The answer is – it depends.
The Government advice is that where employees are self-isolating because they or someone else in the household is sick, they will be eligible for SSP. SSP will be also available for those eligible individuals who have been diagnosed with coronavirus or those who are unable to work because they are self-isolating in line with Government advice and those who have been advised to practice shielding or protecting people who are clinically extremely vulnerable to coronavirus (COVID-19) - although you can also furlough people who are shielding in line with Government advice.
Those self-isolating because they are symptomatic should receive either Statutory or Contractual Sick Pay - whichever is applicable to your workplace. The weekly allowance for SSP increased from £94.25 to £95.85 on 6 April. SSP is payable from day one instead of day four for affected individuals. Up to day 7 the employee can self-certify however the Government have made an isolation note available via the NHS 111 website. This works for those self-isolating for between 7 to 14 days. Employers need to show common sense and patience for sickness absences of more than 14 days as the employee may find it more difficult or have delays in obtaining a GP fit note.
The Coronavirus Statutory Sick Pay Rebate Scheme will repay employers the current rate of SSP that they pay to current or former employees for periods of sickness starting on or after 13 March 2020. If you’re an employer who pays more than the current rate of SSP you can only claim the current rate amount. The repayment will cover up to 2 weeks starting from the first day of sickness.
If you are an employer with less than 250 staff you will be able to claim back up to 2 weeks SSP costs from the Government and the online scheme to claim back is now available. You can find details of the eligibility criteria, how much you can claim via this and further details and the link to the claims page .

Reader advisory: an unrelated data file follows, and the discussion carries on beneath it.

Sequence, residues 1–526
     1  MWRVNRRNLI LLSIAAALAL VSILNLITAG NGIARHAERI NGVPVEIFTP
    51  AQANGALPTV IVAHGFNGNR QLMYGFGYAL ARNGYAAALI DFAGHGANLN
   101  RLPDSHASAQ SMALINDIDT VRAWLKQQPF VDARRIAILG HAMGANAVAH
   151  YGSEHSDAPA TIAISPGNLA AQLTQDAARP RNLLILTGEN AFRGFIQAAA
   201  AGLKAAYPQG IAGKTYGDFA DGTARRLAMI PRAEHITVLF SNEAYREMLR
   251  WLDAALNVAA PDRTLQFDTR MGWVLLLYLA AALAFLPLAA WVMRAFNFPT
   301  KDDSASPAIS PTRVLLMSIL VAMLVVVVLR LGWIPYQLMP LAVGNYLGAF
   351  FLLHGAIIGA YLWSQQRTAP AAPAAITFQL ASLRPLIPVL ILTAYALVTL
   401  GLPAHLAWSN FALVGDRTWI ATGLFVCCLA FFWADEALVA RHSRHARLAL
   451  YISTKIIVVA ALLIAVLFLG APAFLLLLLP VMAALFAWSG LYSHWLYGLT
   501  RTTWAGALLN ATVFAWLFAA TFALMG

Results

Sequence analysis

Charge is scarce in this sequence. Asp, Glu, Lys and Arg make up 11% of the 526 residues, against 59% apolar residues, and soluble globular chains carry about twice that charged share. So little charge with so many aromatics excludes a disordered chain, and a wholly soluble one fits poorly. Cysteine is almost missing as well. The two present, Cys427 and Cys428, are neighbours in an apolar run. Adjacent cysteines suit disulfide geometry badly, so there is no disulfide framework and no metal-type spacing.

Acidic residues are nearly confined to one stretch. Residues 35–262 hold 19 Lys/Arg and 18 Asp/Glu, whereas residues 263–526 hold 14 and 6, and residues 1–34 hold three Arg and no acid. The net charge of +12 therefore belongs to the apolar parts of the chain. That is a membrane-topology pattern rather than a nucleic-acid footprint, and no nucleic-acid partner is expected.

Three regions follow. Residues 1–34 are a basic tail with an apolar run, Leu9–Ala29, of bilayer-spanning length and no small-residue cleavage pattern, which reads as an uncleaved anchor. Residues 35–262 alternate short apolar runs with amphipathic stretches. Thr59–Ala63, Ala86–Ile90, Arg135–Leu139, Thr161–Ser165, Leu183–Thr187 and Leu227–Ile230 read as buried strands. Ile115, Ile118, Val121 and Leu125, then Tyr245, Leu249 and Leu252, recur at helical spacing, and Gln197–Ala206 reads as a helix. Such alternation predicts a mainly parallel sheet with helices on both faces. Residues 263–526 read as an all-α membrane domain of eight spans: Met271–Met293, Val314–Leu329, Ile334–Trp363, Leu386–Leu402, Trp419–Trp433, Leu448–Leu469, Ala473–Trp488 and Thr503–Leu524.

It is essential you are maintaining suitable records of staff absences and payments of SSP. You must keep records of all the statutory sick payments that you want to claim from HMRC, including:
You’ll have to keep these records for at least 3 years following your claim. See the Government guidance for full details.
The Government have published this table to help us understand their isolation guidelines. Once you have got your head round it, it might be quite useful. Get in touch with Embrace HR if you still have queries. Remember there are restrictions around who can reclaim SSP payments and for how long.
The above scenarios are different to where someone is worried about coming into work but haven't been in close contact with someone with symptoms – employers should be sympathetic to people’s anxieties around this, but if there is work for them and they can’t work from home but are refusing to come in, this would typically be unpaid.
And finally, there is furlough pay - that needs its own section so see our other pages for more details.